I have to start this post by saying that I know some great nannies. Actually, I know two great nannies, both of whom used to work for families in our building. One is Irish, the oldest of 10 kids; she would sometimes sit for us on weekends, and I would walk in to the apartment after an evening out with Joshua and think, “Did someone clean this place while we were gone?” She was amazing, and very, very responsible. The other is from the islands – maybe Jamaica? – and although I did not have as much contact with her, I saw her often enough with the kids she raised (because let’s face it, that’s what nannies do) to know that she was loving, fair and responsible.
That’s my disclaimer for this post.
Today we were at our Wednesday playgroup at River Run. It was hot enough that the sprinklers were on, so the girls put on their bathing suits at one point and went to cool off. While they were running in the sprinklers, a toddler who was maybe 18-20 months old came walking by, slipped in the water and fell. She began to cry. The girls went over to see if she was ok, but couldn’t locate a parent or guardian. At one point one of Maya’s friends went and got her mother who came, picked up the little girl and walked around the playground with her, trying to locate the responsible (I use that word loosely) adult. She finally found the girl’s nanny, who was deep in conversation with one of her nanny friends and who, upon hearing what had happened, yelled at the little girl, “I told you not to go over there!” and promptly strapped her in the stroller and kept talking, without a word of thanks, or any word at all, to the Mom from our group.
Now I don’t know the situation of the family who has hired this woman to raise their child, but I do know how much full time nannies make in New York City, and it is a LOT. Usually it almost equals the salary of one of the working parents. Which begs the question, why are you working if it is only to pay someone else to raise your child? Why not do it yourself? And if you don’t want to do it yourself, why did you have a child in the first place? Nannies are not parents, even though outwardly they perform all of the tasks of a parent. Taking care of kids is a job to them, and over the years I have repeatedly seen nannies at playgrounds ignore kids to the point of neglect (and I, as you may have discerned from this blog, am not in the camp of the overprotective, helicopter parents); and nannies carting their charges to gymnastics or rock climbing classes and then either excuse/ignore the kid’s abominable behavior, or use the empty threat of “I’ll tell you mother about this later” which they almost never do because they fear it will reflect badly on them.
Why am I talking about this? The incident in the playground today got me thinking again about why parents do what they do and what they want for their kids. Do most parents really want children, or is it something they do because it is expected? Sometimes it’s hard to tell. Believe me, I am under no illusions about my own shortcomings as a parent. I love our life together and am happy that our learning style works for us, but perfect we are not. There are days when I think the thing I’d like to do most is go check into a hotel by myself armed with a dozen of my favorite movies and just disappear for a week or so. Other times I think how wonderful it would be to have a “mute” button in our house, so that I could turn off all the questions, the millions of questions, I am asked every day. But those times pass, and even in the midst of them, I never wish someone else was caring for my kids. I never wish I was off working all day, even at something I enjoy, because I had my kids on purpose so that Joshua and I could raise them. The mistakes we make are all our own.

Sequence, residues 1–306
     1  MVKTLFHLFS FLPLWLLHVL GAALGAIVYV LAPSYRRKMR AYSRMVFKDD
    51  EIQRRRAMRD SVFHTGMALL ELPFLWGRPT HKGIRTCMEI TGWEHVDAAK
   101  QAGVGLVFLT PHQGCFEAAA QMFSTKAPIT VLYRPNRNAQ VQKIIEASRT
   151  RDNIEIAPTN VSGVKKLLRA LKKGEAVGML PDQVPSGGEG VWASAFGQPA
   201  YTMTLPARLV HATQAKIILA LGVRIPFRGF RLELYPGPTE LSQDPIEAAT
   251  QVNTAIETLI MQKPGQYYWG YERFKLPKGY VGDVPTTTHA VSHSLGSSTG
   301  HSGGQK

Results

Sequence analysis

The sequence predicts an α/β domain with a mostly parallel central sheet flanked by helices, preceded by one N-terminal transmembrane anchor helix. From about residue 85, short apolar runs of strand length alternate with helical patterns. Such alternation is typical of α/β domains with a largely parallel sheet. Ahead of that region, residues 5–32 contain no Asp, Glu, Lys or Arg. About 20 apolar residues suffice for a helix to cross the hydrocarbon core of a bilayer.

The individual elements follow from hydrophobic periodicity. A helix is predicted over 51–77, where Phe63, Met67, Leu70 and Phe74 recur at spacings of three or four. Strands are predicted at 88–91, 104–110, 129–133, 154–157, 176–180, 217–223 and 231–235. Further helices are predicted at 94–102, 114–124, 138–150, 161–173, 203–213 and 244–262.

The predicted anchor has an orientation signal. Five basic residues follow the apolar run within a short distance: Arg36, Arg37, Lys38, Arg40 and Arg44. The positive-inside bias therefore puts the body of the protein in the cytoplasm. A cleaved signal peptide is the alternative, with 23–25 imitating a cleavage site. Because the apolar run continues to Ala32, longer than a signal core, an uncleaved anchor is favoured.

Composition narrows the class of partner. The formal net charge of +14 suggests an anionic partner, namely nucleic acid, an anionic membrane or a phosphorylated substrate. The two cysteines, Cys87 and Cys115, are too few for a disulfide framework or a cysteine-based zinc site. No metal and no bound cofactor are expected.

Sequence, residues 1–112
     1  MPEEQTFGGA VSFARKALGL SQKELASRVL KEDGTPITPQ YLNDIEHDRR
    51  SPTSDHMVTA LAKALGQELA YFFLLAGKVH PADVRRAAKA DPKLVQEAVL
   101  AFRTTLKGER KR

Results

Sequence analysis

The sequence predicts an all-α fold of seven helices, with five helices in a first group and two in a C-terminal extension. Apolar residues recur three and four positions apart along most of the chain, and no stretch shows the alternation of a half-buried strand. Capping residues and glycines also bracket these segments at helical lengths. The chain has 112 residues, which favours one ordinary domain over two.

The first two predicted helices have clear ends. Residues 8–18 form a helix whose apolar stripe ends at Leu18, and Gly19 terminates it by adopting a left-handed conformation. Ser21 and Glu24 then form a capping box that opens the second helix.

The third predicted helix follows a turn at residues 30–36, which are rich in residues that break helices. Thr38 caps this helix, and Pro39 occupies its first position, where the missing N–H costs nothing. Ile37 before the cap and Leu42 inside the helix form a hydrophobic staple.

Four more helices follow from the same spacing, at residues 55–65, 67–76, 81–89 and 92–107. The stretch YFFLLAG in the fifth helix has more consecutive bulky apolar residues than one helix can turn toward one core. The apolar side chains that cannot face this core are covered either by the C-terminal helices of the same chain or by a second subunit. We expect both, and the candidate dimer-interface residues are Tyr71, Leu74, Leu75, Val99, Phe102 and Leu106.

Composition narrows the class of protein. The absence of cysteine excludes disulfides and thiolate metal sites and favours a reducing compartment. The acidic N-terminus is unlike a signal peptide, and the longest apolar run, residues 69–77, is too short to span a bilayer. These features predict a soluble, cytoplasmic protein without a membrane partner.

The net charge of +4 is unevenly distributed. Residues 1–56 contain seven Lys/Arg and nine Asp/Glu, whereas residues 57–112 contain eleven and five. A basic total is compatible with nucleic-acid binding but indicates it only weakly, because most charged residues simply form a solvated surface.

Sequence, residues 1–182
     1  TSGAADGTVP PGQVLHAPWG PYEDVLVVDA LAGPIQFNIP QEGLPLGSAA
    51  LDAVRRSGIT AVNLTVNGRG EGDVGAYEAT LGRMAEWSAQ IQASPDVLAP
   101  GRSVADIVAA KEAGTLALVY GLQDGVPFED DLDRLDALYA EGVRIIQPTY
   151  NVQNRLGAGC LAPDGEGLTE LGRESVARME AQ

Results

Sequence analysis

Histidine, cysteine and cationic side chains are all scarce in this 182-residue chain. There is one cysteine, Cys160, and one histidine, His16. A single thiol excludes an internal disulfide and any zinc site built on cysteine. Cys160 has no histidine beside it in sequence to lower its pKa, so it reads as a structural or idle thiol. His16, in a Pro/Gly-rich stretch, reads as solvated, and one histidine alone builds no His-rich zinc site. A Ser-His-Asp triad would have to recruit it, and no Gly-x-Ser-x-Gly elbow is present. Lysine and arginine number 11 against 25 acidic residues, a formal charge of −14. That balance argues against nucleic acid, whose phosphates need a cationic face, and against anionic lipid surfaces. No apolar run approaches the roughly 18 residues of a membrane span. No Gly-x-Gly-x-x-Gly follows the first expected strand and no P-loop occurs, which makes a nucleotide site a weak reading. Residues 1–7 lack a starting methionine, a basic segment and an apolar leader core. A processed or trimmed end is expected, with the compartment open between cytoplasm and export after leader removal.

There is a saying that says a mother’s job is to give her child both roots and wings. Giving someone roots is not just a matter of giving them life and then handing them a family tree and saying, “See this? These are your roots.” It’s a matter of being available when they fall in the water and cry, or when they have a most important story they need to tell you. It’s a million little every day things that for the most part go unnoticed. It’s not perfect, but it’s consistent. Kids raised by nannies, even the good ones, are missing out on a lot of that every day interaction which affects the security that roots give you. The result is that sometimes the wings grow early before the child is ready to handle them, or they don’t grow at all out of fear of being alone.
I don’t know what my kids will do with their lives as they get older. I hope they will continue to be happy, and develop honest work and loving relationships. I hope I do my best every day to give them roots, so that when they are ready and not a moment before, their wings will take them wherever they want to go.